The City of Cambridge has removed motor vehicle lanes and delineated new protected bikeways on several streets around Harvard Square, partly in response to the recent deaths of Darryl Willis, 55, killed in August while riding his bike in the square’s previously-unprotected bike lane, and Sharon Hamer, 67, a retired Boston Public Schools librarian, who was killed in September 2019 while walking across Brattle Street on the other side of the square.
These “quick-build” improvements on Brattle Street and Massachusetts Avenue are only an interim safety measure until a planned reconstruction of the Harvard Square plaza makes the changes permanent with new curbs, crosswalks, and traffic signals. That project is expected to break ground within the next few months.
Meanwhile, the City of Cambridge is also putting finishing touches on two other quick-build bikeway improvements nearby: a new eastbound protected bike lane on Mt. Auburn Street, and a perpendicular route that would link the Charles River paths to Cambridge Street:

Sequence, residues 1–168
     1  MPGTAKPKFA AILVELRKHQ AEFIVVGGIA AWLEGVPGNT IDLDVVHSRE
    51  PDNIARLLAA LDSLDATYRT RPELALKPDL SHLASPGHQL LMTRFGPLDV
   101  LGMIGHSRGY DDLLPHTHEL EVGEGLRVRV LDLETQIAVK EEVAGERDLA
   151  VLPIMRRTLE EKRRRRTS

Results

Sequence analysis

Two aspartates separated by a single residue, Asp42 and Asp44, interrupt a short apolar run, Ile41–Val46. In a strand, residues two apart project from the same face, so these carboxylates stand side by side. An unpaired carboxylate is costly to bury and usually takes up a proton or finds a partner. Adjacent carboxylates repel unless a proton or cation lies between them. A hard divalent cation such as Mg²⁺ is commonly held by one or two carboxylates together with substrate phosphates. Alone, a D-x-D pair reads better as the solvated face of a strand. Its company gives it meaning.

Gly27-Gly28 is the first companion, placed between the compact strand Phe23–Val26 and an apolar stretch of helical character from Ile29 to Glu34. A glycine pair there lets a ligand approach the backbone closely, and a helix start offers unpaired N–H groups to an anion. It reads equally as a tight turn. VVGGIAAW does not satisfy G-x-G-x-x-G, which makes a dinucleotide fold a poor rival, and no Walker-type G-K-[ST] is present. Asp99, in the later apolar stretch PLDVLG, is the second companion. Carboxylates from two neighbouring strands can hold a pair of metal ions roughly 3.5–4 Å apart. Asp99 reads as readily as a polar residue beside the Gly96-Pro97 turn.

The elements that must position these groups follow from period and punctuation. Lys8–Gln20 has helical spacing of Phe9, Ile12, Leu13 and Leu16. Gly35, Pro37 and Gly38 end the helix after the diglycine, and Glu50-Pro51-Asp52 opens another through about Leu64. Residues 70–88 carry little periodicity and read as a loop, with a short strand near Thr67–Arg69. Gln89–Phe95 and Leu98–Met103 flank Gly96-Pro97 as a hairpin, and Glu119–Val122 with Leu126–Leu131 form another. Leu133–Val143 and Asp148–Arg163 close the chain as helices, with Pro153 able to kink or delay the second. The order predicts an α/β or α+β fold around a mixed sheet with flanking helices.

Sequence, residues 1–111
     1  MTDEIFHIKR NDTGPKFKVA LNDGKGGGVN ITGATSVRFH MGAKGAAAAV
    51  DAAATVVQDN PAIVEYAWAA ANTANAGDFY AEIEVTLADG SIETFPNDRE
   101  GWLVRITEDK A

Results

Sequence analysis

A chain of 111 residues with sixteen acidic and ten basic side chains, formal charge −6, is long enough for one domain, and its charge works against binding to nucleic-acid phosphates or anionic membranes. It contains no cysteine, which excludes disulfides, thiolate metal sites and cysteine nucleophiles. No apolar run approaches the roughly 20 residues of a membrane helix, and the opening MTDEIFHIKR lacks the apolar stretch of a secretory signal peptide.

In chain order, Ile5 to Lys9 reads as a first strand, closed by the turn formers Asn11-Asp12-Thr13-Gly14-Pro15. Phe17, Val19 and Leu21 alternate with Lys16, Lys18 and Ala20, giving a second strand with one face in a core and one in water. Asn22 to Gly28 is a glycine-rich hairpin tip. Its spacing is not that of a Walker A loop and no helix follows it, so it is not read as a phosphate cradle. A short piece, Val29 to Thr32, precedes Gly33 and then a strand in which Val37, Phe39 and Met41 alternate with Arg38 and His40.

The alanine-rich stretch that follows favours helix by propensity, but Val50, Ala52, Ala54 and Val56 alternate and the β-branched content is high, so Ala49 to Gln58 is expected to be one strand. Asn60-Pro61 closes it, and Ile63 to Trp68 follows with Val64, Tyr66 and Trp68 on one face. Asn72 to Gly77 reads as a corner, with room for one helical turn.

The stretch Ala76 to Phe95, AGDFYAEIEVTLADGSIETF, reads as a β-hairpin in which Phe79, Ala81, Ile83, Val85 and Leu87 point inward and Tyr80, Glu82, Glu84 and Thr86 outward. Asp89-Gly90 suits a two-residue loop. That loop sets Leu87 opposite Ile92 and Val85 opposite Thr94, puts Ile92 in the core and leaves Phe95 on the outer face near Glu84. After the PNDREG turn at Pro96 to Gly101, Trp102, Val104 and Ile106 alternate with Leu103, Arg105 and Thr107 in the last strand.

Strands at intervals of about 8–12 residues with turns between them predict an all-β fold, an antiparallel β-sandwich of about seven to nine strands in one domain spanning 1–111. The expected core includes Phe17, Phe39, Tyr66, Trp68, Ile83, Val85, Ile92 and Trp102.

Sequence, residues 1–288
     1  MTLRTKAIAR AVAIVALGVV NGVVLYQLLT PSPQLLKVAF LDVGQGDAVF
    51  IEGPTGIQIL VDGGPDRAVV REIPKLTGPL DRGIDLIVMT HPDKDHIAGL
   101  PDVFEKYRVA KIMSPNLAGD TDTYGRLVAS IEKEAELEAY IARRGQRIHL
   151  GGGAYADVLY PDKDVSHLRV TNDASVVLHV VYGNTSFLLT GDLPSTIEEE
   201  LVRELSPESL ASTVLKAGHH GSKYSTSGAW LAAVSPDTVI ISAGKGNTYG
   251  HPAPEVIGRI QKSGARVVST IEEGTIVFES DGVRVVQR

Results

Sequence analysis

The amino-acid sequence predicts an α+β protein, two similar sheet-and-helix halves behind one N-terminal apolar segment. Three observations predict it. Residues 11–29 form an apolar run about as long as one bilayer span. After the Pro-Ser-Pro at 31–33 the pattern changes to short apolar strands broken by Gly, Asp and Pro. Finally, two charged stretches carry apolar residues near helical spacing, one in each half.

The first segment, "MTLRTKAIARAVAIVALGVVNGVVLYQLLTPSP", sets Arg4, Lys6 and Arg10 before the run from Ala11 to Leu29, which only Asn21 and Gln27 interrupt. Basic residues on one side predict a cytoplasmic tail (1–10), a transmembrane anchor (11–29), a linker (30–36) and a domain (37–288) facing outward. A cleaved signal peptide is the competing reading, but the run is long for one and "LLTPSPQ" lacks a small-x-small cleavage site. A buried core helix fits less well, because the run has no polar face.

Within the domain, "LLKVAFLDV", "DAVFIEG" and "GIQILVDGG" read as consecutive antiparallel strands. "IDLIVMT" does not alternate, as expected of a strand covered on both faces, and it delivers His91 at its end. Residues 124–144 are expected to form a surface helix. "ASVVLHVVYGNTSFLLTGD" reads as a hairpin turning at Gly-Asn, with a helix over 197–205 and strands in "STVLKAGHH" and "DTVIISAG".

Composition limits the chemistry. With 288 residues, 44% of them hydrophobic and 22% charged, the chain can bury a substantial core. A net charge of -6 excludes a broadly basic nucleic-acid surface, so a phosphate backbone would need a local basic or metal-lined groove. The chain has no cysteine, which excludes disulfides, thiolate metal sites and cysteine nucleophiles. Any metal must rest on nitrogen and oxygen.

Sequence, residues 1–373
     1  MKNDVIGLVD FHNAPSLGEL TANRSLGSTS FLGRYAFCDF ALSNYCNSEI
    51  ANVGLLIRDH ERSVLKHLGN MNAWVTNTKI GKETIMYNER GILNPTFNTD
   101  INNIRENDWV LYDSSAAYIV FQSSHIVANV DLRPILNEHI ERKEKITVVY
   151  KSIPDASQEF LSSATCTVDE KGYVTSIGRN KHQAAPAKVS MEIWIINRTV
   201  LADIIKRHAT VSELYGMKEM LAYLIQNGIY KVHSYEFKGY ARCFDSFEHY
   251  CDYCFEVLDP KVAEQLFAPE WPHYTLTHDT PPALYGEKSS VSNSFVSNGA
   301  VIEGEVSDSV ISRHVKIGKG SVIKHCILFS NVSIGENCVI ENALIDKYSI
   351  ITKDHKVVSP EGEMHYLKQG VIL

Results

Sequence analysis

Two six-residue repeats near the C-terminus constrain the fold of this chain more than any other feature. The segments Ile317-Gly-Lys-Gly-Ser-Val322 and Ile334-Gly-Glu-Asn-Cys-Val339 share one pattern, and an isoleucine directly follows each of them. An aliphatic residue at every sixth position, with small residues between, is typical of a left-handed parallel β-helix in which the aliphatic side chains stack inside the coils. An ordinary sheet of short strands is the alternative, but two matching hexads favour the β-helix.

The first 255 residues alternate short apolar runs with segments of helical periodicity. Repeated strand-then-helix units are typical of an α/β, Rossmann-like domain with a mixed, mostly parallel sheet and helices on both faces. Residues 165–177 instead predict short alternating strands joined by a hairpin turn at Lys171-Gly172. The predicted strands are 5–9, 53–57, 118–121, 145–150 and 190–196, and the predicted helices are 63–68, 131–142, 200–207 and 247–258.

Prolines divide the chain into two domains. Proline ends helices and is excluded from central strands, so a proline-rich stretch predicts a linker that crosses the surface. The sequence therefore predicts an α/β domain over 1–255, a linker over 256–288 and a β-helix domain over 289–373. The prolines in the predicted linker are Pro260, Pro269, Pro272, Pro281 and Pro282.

A state compilation of Uber and Lyft data from 2021 data indicates that those companies' drivers were involved in 2,267 crashes across Massachusetts last year. Nearly half of those crashes – 1,098 – occurred in the City of Boston.
“We’re keeping in place some of the changes that have helped with traffic flow and transit access, so that commuters will see lasting benefit above ground even as the subway comes back online,” said Mayor Michelle Wu in an announcement released early Tuesday morning.
The version of the legislation which passed both the House and Senate this week includes a compromise: the new lighting rules can’t be the primary purpose for a police stop, and can’t be used as conclusive evidence of contributory negligence in a civil suit.